Out of My Comfort Zone
This blog post was contributed by Anna Dion, one of the fifteen Young Champions of Maternal Health chosen by Ashoka and the Maternal Health Task Force at EngenderHealth. She will be blogging about her experience every month, and you can learn more about her, the other Young Champions, and the program here.
A friend of mine recently shared an article from a Canadian newspaper suggesting how to encourage leadership in young people. The suggestion that stuck with me the most was that “young people, early in their careers should put themselves in situations where they face massive levels of discomfort” as one of the best ways of ‘learning-by-doing,’ particularly in professionally or personally challenging situations.
Over the past month, I have moved out of my comfort zone. I began working this month with the High-risk maternal and child health unit, within the Secretary of Health for the municipality of Pilar, Argentina. They currently run a long-standing program to identify and follow high-risk newborns in many of the rural areas surrounding Pilar, and when necessary conduct community autopsies on any domestic infants deaths. They do this together with the local health centers, however, they are often personally involved in visiting and supporting many of the families. I have been really inspired by their dedication and commitment to working with each child and each family case to do all they can with what they have.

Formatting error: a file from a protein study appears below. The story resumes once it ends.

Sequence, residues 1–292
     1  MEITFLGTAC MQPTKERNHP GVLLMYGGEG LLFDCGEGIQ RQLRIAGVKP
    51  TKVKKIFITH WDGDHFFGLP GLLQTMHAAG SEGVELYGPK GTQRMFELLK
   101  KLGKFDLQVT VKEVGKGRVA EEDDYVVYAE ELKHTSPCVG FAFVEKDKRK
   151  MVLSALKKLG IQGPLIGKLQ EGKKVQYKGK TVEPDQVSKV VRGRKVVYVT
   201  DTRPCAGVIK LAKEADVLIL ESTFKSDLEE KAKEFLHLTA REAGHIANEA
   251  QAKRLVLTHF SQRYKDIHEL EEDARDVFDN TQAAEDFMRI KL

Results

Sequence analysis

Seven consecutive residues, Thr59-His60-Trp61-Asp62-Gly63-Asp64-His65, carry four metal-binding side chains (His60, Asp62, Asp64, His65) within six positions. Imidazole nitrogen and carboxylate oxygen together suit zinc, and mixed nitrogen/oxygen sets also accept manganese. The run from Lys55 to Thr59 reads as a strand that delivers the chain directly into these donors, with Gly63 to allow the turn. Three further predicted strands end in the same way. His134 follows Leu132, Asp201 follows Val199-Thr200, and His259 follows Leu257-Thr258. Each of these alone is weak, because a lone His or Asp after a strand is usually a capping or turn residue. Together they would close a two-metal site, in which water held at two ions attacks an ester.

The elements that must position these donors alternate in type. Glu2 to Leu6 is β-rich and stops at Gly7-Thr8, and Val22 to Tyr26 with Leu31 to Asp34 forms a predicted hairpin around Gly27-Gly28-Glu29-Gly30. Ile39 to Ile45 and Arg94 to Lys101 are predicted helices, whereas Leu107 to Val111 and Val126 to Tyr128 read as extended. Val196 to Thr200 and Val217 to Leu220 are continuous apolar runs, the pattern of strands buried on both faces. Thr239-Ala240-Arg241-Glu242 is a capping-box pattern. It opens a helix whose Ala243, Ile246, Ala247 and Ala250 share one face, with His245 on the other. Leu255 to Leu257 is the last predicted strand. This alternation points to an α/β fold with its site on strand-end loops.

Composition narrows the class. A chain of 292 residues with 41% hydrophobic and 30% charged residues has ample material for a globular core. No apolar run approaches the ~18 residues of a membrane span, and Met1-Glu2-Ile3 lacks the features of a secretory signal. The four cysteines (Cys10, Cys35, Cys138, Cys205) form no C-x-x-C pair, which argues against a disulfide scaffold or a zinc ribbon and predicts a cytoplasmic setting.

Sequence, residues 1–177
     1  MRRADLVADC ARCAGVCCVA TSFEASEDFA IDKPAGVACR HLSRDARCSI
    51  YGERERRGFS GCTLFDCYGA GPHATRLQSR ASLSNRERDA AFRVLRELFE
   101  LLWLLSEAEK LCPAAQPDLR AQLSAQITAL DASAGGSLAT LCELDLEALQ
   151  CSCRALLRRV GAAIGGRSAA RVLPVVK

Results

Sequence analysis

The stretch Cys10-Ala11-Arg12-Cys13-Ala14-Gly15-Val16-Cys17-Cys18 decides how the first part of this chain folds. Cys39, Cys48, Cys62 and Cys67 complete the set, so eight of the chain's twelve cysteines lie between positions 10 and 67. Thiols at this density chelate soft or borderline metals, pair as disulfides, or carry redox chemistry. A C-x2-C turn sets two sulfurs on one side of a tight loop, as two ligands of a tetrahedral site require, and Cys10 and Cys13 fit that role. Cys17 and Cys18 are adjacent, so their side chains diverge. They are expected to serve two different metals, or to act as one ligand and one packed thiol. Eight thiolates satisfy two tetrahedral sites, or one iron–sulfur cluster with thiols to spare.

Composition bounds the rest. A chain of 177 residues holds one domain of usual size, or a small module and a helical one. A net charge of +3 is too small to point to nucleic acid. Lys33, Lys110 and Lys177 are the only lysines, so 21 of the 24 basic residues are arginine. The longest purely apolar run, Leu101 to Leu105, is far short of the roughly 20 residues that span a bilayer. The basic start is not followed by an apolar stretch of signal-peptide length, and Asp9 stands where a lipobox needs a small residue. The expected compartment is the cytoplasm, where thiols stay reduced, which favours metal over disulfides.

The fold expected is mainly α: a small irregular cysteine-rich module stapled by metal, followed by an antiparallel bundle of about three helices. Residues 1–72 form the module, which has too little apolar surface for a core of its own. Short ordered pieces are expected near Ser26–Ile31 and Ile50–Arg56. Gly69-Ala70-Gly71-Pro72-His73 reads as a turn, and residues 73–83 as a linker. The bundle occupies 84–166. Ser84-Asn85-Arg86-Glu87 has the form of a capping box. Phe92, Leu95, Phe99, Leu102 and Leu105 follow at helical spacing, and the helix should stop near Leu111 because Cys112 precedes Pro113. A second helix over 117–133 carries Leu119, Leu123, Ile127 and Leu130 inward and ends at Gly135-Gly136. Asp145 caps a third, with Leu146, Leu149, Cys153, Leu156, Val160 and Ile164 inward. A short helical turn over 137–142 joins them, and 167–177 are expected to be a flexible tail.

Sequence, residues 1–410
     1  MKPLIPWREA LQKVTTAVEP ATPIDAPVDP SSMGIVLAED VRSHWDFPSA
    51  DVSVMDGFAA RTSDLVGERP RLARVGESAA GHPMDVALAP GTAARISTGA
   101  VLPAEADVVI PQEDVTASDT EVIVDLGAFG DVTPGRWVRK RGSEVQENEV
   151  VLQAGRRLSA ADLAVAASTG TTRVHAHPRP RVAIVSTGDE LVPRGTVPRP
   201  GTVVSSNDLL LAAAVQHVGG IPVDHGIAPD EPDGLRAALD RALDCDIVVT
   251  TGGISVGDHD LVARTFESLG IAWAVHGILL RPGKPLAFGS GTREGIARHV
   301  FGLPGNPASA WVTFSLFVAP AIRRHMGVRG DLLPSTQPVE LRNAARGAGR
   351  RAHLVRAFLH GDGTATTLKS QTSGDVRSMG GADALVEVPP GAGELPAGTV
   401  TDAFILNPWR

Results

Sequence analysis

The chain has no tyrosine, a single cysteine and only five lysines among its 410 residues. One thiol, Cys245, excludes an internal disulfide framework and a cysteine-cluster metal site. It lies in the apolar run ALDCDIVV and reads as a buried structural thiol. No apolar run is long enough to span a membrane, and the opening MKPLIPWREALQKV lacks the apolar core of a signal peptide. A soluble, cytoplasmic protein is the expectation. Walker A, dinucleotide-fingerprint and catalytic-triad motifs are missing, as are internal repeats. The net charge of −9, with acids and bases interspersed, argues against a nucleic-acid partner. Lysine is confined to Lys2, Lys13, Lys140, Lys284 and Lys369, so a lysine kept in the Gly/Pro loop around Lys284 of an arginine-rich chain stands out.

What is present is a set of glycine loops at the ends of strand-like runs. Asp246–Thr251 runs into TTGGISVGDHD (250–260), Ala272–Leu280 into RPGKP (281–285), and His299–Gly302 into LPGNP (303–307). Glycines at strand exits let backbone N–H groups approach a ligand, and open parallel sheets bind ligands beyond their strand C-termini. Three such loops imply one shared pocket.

Within this unit, I am developing a companion program for pregnant adolescents—to try to prevent some of the high-risk situations that lead newborns to fall under the care of my colleagues’ program. While I am not working in the areas of Argentina with the worst maternal health outcomes, I am in the province that, because of its high population density, contributes more than 50% of the nation’s adolescent pregnancies, suggesting that if anywhere, this may be one of the best places in the country to implement this type of program.
I have been busy developing plans, ideas and possibilities with different groups—thinking about how to provide incentives to both adolescents and companions to participate in the program; how to motivate already busy social workers, midwives and adolescents themselves to contribute to the development of the program…and then thinking about how to build in a mechanism so that someone can takeover the management of the program when my fellowship is over.
Am I feeling overwhelmed? Most of the time. Am I nervous about not being able to bring together the necessary people to build this program? Without a doubt. Am I loving the challenge and the possibilities? Absolutely.
These days, I couldn’t agree more that by pushing myself out of my comfort zone, I am pushing myself to learn how to create a program that incorporates the specific needs and wishes of undervalued adolescents and I am learning how to navigate within and between government and civil society systems to create something that lies in between both of them. What I am learning here will be invaluable in helping me develop my program back in Canada, as I expect to face many similar questions and challenges, and particularly as working with adolescent girls will be front and centre. I am extraordinarily grateful for the support of my mentor, Ashoka Fellow Alberto Vasquez, who has been a great sounding board throughout the process, as well as my new colleagues within the Secretary of Health, who from the start believed in the power of this idea.
Now it is just a question of giving the idea wings.